Jun 21, 2008

Afrikaners: Dr Mulder gives speech to Parliament

Sample ImageIn the wake of the recent xenophobic violence that has rocked South Africa, Dr Pieter Mulder, leader of the FF Plus political party, gave a timely reminder of the importance of facing up to realities in South Africa and not generalizing on the basis of race.

Below is Dr Mulder’s speech. In his reply, President Thabo Mbeki referred to Dr Mulder and agreed that generalizations are always a mistake:

As the Limpopo conference had radically changed the position of President Mbeki, the Xenophobia attacks had radically changed South Africa. Photo’s of foreigners being burnt, had shattered the dream of a South Africa showing the world how people should live in harmony with each other. Who would, a year ago, have predicted that South African Embassy’s in Africa and the Bafana Bafana soccer team would need extra security?

The government was warned timeously.

In the African Peer Review Report (p. 286) the government was seriously warned more than a year ago about Xenophobia and racism in South Africa. Par. 956: “Xenophobia against other Africans is currently on the rise and should be nipped in the bud.”

Why did the government do nothing? Because they started believing their own propaganda and myths. If the gap between a myth and reality becomes too big, unrealistic decisions are made.

What are these ANC myths?

A first myth is that tribalism and ethnicity is the result of colonialism and apartheid and will in time disappear. The Honourable Buthulezi wrote: “Our ethnicity was not invented by apartheid, only used by it. I did not create Zuluness. Zuluness created me and will last long after I am gone... I never had difficulties in recognising myself as entirely Zulu, entirely South African and entirely a citizen of the world. These are different levels of expression, not contradictions...” (16/4/2006 Sunday Times)

A second myth is the belief that black-on-black violence is not possible.

A third myth is that racism is the preserve of whites. Black people can not be racist.

The Xenophobia attacks in South Africa and events in recent times in Africa had proven all these myths to be wrong.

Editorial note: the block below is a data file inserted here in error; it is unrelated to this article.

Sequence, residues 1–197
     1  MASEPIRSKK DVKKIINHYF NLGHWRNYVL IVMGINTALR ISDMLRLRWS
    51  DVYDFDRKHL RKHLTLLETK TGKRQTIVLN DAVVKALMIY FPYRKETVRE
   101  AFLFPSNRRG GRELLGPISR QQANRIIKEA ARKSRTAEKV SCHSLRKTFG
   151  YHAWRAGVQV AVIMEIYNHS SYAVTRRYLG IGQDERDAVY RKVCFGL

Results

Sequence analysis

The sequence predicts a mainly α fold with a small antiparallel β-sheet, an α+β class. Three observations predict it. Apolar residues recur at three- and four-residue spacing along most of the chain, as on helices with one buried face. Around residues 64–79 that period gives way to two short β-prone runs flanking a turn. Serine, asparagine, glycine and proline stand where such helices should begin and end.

The sad truth is that racism and Xenophobia are universal phenomena. It is found all over the globe and in all societies. Its extent and intensity varies with time and circumstances.

I remember how Nigeria in 1985 ordered the expulsion of 700 000 illegal African immigrants. We saw the recent conflict in Kenya and Rwanda and the anti-white black racism in Zimbabwe.

Last year in this debate I warned against racism and mentioned examples of Xenophobia in Germany and Australia.

What should we do? Drop these myths and start treating the realities of diversity in South Africa honestly. Then diversity is an asset and not a threat.

The Bible says: (Deuteronomy 10:19 New King James Version) “... love the stranger, for you were strangers in the land of Egypt.”

But then you must be realistic as well. To accommodate a few thousand ANC exiles in Africa during the struggle years is something totally different than to allow 5 million foreigners to compete with poor South Africans for scarce resources and to think that it will not create conflict.

As long as articles are written, as recently in the City Press, that black people cannot be racist but only white people can be, then we are not realistic. What we saw in May was blatant black racism and Xenophobia. White racism is condemned by the FF Plus. But we also condemn black racism.

Mr. Mandela addressed this Parliament on 10 May 2004 and said that a guiding principle for him in his life has been that there are good men and women to be found in all groups and from all sectors of society, and that in an open and free society, those South Africans will come together to jointly and co-operatively realise the common good.

In the eighties two Comrade athletes, Manie Saayman and Louis Harmse, saw the talent of Samuel Tshabalala as he participated barefoot in a Sasolburg Marathon. They buy him shoes, get him work and start, without any compensation, training him for the Comrades Marathon. In 1989 Tshabalala wins the Comrades. He however does not pitch at the prize-giving ceremony because Saayman, who had also participated, suffered kidney failure and he had preferred to go to hospital with his trainer in the ambulance. Today they are still friends and hope to again participate together in the Comrades this year. 

Why am I telling this story? Because I, like Mr. Mandela, believe that in all groups in South Africa and the world there are good and bad people. There are good Afrikaners and bad Afrikaners. There are good Xhosas and bad Xhosas. The big problem is generalisation. As long as there are white people who say that all black people are bad, we are not at all making progress. But as long as there are black people who say that all white people are bad and whites do not belong in Africa, we are also not making any progress at all. If the good people from the different groups can work together, we can resolve our problems. If we can learn this alone from the recent events, we are making progress to create a place in the sun for everyone, and together start resolving Africa’s problems.